The government wants new passenger vehicles to provide head protection in dangerous side-impact crashes, which kill thousands of motorists every year and leave others with serious brain injuries.
The National Highway Traffic Safety Administration on Wednesday issued new rules requiring the improved safety protections in new passenger vehicles by September 2012.
The upgrades, which have been under review since 2004, are designed to reduce deaths and injuries of motorists who are struck by another car or truck along the vehicle’s side. Side-impact crashes killed 9,200 people in 2005, the most recent figures available.
Changes to the safety systems could save 311 lives and prevent 361 serious injuries a year, the agency estimated, through the installation of side air bags that protect a person’s chest and abdomen and window curtain air bags guarding the head.
Nicole Nason, the safety agency’s administrator, said the crashes often lead to debilitating injuries. “Even people who survive the crash can end up with long-term medical costs and permanent brain injuries, so we think (the rules) are important for both injuries and fatalities,” she said.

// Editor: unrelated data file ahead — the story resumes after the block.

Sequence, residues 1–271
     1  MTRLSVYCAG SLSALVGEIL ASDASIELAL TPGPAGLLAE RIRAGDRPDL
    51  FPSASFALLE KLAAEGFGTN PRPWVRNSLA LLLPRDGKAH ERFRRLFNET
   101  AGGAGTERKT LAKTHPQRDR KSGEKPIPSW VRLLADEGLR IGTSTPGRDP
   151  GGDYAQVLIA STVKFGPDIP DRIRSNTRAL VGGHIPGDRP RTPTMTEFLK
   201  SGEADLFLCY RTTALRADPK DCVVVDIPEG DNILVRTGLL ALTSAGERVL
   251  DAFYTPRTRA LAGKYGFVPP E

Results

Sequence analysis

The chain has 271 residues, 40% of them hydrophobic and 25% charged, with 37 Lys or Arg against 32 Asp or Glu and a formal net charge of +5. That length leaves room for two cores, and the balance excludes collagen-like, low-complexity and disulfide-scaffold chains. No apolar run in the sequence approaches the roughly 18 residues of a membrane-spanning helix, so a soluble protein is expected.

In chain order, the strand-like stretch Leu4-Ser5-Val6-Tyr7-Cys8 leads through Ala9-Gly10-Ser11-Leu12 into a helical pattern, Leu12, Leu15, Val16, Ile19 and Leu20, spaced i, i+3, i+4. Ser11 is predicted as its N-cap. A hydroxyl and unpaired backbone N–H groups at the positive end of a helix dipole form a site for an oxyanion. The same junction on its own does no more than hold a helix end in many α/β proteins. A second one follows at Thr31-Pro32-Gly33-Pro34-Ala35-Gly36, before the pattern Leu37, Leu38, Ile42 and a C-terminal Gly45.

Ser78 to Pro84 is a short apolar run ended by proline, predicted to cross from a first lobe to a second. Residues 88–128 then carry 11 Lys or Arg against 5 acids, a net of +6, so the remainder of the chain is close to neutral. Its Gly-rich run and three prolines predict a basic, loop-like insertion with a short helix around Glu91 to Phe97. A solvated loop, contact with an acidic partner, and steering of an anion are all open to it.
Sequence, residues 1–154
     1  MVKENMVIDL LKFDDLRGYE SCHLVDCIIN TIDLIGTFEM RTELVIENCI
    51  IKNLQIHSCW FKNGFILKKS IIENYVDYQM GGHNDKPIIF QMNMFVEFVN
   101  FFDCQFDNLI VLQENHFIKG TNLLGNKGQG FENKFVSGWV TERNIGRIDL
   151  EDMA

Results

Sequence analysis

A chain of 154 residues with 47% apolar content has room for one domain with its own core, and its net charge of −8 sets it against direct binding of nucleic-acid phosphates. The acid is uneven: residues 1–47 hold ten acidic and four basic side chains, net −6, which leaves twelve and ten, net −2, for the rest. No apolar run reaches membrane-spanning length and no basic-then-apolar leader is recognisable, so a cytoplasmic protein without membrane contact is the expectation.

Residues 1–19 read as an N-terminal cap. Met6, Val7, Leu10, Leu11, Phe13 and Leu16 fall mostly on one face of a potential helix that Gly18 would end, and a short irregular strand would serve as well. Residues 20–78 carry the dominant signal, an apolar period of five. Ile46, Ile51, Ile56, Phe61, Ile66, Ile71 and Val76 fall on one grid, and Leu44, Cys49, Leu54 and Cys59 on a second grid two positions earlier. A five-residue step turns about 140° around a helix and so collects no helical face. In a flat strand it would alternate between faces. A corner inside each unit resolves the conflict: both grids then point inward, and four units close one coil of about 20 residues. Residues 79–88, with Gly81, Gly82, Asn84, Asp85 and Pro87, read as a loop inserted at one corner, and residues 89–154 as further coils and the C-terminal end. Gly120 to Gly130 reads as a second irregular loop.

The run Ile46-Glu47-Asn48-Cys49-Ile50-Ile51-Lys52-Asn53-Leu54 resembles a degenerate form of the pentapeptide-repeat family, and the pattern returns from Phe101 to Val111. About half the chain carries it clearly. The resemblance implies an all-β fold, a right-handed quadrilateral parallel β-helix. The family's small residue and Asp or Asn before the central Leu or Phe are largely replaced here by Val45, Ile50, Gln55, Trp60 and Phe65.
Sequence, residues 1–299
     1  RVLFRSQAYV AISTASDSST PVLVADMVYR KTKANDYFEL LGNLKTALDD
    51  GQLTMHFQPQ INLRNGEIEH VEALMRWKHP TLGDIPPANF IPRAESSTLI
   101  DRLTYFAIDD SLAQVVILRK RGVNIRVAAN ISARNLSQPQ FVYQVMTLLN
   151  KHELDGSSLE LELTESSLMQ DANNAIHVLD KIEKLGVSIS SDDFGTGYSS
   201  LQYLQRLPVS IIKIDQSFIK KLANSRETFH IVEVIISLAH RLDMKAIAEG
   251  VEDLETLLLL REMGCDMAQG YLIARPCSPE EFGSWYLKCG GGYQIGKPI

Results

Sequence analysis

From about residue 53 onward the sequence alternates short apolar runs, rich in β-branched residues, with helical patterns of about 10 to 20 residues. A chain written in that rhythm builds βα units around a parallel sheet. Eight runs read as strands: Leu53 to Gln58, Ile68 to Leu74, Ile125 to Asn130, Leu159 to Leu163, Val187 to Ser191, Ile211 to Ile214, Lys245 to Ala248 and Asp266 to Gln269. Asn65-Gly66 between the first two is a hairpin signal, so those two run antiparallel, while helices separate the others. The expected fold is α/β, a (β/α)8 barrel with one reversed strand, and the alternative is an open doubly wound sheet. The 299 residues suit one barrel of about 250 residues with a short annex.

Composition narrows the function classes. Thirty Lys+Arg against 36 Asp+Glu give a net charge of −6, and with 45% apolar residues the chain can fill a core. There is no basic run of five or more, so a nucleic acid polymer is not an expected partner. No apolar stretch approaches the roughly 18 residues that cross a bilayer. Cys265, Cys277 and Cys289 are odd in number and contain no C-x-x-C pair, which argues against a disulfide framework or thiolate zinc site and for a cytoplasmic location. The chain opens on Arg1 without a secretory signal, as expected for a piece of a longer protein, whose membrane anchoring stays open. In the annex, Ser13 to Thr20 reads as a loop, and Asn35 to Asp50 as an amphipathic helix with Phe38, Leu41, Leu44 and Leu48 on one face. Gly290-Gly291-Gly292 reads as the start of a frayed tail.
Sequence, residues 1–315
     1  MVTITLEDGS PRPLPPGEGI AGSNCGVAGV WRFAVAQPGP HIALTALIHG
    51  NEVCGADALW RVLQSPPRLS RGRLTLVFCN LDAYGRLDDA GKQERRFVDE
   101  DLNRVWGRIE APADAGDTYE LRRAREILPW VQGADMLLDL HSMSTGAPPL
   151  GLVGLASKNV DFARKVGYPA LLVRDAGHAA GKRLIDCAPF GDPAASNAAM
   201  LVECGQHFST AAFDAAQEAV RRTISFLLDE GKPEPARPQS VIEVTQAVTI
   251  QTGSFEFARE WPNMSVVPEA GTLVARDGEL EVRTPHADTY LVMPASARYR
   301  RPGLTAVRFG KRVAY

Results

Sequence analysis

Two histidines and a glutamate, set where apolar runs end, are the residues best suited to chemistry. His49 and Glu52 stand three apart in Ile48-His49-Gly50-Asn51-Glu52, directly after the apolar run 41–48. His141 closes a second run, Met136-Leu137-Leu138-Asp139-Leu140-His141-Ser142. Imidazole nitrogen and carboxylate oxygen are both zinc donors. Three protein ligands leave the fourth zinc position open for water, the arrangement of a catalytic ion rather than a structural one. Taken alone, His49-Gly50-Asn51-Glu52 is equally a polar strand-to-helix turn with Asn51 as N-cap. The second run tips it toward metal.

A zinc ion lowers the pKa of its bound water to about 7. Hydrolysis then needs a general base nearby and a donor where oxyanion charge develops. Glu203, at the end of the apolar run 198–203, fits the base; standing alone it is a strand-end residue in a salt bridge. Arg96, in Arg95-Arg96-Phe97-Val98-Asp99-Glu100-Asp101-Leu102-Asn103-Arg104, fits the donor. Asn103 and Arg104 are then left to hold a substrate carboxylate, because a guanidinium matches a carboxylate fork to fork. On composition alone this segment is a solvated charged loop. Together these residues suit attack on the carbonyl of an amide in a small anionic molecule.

Automakers said they were receptive to the changes. In 2003, the industry agreed to install side air bags in all new passenger vehicles by September 2009 and the safety equipment is becoming more widely available.
Dave McCurdy, the head of the Alliance of Automobile Manufacturers, which represents General Motors Corp., Ford Motor Co., Toyota Motor Corp. and others, said they shared NHTSA’s goal of “enhancing head protection” in side crashes.
Under the government’s plan, automakers will be required to phase-in the head protection beginning with the 2010 model year, with full compliance by the 2013 model year. It will increase the average vehicle cost by $33.
The rules do not require specific types of technologies to meet the standards, but automakers will likely use side curtain air bags and air bags that protect the chest and abdomen. Nearly half of 2008 model year vehicles offer the air bag combination.
Auto manufacturers will need to comply with a new test that simulates a vehicle striking a tree or a pole in the driver’s side. They will also need to conduct crash tests using dummies the size of a small woman and a more technologically advanced male dummy of average height.
Gerald Donaldson, senior research director for Advocates for Highway and Auto Safety, said the rule provided more focus on head injuries of motorists in the back seat and would take into account a wider range of people. But he said it failed to do enough to protect elderly motorists.
Safety groups have pointed to the benefits of side air bags. A study last year by the Insurance Institute for Highway Safety found that driver deaths were reduced by 52 percent in sport utility vehicles equipped with head-protecting side air bags, while the same air bags reduced driver deaths by 37 percent in passenger cars.